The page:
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Men's jacket ecru virgin wool, mohair and silk faille Fursac - V3BERT-BC48-03
Men's jacket Fursac - V3BERT-BC48-03
Men's ecru jacket Fursac - V3BERT-BC48-03
Men's virgin wool, mohair and silk faille jacket Fursac - V3BERT-BC48-03
Men's white, ecru virgin wool, mohair and silk faille jacket Fursac - V3BERT-BC48-03

Wool, mohair and silk tuxedo jacket

1075 EUR
Color Ecru
  • Wool, mohair and silk tuxedo jacket - V3BERT-BC48-03
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Wool, mohair and silk tuxedo jacket

  • Lined tuxedo jacket
  • Fitted cut
  • High armhole, straight shoulder
  • Large shawl collar
  • Double back vents
  • Trousers sold separately
  • Mens tuxedo 60% mohair, 30% silk and 10% virgin wool
  • Lining 100% viscose
  • Fabric weaved in Italy
  • Dry clean
  • Model: size 46, 1,89 m tall

Traceable item: discover its manufacturing stages.

V3BERT-BC48-03

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Wool, mohair and silk tuxedo jacket

1075 EUR

Virgin wool

This is what we call fibres that come from the first shearing of a sheep or lamb. They have been neither spun nor felted nor part of any other finished product, and contain no more than 0.3% of impurities.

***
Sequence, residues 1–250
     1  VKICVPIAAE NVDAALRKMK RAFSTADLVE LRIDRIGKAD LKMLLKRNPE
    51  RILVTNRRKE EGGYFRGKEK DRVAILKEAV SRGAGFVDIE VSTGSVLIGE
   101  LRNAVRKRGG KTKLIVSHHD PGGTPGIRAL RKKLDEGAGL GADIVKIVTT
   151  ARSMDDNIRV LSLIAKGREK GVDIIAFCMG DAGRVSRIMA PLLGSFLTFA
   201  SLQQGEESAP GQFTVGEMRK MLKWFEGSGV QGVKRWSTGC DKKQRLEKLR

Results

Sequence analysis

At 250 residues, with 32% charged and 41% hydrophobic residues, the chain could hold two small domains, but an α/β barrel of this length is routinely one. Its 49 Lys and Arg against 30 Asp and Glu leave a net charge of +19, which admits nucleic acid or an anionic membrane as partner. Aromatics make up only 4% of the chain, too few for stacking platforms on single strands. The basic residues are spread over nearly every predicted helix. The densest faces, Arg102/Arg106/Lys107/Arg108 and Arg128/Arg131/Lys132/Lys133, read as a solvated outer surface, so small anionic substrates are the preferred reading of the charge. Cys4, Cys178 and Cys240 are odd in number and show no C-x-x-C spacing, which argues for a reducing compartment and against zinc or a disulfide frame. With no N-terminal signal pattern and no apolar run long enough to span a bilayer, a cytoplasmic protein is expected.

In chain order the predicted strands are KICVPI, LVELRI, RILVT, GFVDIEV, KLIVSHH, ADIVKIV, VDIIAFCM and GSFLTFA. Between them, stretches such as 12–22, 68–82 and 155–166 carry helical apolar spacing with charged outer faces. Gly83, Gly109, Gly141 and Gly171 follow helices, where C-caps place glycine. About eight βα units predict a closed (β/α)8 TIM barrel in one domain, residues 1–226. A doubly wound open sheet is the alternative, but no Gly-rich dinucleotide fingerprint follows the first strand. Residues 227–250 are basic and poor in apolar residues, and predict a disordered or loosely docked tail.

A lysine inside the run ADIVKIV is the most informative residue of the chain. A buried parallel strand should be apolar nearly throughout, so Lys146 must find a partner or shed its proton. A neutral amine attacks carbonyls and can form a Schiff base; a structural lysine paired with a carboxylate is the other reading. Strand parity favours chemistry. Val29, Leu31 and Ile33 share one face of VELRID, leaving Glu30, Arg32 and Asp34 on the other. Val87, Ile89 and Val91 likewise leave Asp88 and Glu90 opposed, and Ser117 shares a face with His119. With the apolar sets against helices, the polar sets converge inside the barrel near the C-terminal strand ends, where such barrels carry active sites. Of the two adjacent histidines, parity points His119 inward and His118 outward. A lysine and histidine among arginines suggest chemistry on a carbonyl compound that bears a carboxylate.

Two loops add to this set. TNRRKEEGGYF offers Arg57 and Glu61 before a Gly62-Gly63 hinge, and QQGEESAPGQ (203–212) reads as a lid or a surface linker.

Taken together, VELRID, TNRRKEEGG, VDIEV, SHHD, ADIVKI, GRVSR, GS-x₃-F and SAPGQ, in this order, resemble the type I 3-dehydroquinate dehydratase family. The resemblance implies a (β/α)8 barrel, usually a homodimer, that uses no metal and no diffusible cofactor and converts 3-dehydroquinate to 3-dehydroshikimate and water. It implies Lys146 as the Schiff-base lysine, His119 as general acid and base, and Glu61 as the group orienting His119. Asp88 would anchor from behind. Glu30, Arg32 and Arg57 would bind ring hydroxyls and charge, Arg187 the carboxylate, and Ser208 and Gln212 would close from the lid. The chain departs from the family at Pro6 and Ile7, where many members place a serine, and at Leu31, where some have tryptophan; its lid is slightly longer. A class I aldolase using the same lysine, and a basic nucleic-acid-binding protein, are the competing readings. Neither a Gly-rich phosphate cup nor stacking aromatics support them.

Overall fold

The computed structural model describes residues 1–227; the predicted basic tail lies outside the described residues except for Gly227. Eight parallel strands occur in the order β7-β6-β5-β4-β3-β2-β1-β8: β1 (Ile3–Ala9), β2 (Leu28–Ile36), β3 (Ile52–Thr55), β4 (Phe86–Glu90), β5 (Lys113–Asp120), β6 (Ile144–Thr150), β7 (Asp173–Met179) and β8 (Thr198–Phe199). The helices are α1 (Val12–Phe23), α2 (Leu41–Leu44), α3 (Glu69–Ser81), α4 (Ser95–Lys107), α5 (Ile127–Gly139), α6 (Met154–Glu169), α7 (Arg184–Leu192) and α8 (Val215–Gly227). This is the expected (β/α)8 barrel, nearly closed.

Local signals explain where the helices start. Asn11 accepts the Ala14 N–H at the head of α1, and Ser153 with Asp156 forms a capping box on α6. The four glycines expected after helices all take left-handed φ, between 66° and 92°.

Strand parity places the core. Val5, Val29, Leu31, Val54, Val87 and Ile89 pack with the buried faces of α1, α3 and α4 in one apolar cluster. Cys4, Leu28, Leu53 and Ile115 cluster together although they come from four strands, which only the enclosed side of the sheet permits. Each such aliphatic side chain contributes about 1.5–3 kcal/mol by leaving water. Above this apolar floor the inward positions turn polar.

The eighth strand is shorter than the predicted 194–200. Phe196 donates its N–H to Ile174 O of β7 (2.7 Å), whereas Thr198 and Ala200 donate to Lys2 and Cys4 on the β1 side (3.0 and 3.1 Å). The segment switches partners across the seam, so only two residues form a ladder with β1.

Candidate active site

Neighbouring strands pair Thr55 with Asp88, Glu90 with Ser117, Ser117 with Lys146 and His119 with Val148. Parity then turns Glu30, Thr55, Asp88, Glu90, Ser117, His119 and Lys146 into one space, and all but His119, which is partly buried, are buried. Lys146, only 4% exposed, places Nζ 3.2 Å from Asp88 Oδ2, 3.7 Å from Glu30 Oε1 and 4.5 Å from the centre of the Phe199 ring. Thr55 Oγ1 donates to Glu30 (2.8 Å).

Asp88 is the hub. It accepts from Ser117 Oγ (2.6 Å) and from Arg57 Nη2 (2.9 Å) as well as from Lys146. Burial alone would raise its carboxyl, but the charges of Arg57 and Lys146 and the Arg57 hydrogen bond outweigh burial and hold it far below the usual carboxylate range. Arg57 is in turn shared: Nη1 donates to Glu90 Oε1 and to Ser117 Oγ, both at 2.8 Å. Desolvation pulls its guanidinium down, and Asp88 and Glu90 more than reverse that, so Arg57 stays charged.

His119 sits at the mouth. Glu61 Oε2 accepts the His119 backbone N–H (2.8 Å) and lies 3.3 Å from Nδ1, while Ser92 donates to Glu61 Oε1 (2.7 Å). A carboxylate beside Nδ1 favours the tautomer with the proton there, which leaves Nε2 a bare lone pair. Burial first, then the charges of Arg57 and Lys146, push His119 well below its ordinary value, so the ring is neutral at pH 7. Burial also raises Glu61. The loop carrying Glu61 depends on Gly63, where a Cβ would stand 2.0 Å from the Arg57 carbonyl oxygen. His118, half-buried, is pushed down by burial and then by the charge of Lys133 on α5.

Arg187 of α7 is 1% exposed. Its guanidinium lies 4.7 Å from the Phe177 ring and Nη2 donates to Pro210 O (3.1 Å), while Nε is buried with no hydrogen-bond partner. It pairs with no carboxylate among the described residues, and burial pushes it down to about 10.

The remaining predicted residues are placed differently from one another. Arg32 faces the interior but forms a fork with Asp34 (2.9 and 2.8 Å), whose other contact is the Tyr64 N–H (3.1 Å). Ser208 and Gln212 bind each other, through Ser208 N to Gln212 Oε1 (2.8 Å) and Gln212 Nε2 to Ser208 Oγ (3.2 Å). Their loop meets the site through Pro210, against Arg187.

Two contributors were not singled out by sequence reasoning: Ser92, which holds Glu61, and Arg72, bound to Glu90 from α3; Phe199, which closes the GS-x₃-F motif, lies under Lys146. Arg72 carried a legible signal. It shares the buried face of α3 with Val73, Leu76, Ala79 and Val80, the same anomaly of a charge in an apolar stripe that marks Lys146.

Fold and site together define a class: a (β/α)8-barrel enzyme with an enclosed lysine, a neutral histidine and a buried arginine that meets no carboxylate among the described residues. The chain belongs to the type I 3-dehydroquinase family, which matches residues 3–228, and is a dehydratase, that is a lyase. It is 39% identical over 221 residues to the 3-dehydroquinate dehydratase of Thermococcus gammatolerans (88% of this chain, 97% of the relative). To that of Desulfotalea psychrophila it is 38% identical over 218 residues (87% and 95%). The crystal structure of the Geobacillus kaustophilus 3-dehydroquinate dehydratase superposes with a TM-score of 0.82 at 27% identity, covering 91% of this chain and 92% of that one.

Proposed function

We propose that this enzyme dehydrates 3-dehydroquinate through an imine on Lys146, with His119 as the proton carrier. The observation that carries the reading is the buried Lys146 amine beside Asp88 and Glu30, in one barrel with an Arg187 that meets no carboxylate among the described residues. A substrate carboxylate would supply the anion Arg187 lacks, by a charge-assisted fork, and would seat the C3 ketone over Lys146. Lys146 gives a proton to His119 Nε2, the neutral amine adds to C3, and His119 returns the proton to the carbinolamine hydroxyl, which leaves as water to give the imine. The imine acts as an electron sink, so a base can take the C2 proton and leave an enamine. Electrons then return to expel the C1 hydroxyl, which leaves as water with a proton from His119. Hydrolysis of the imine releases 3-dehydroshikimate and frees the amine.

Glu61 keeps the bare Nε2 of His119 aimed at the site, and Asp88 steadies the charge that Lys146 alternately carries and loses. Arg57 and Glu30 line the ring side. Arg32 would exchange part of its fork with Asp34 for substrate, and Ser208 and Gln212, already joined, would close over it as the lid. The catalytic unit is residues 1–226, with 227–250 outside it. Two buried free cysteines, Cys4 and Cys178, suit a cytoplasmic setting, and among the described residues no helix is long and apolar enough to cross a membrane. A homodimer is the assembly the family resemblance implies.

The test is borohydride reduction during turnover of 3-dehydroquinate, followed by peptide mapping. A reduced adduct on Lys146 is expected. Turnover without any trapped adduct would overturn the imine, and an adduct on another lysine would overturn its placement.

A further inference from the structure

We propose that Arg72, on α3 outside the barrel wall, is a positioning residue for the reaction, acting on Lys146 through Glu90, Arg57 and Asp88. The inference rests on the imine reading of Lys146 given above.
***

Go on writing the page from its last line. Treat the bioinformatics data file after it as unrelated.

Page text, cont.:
Mohair

Provided by angora goats from Asia Minor, this wool is as light as it is insulating and protects from the cold, the heat and any risk of inelegance. Blended with other fabrics it can also soften the cloth of certain suits.

Tuxedo

The required decorum of a 19th century British gentlemen managing his guests’ sense of smell meant that the smoking jacket was originally worn exclusively in the smoking room. Seduced by the garment, the American James Potter transgressed the rule and in 1886 wore this jacket with its satin lapels to the Tuxedo Club in New York. He popularised the use of its new name. Completed with braided trousers, a plastron shirt and a bow tie, in the 20th century this ensemble became the signature attire for men frequenting casinos and cocktail parties, or her Majesty’s Secret Services, like James Bond.

Silk

The empress of noble fabrics, whose trade secret was jealously guarded by the Chinese for over 2500 years, silk is the only natural textile fibre whose thread is continuous. It is taken from the cocoon of the Bombyx Mori caterpillar, also called the silkworm, and its appearance varies according to the way it is woven or worked.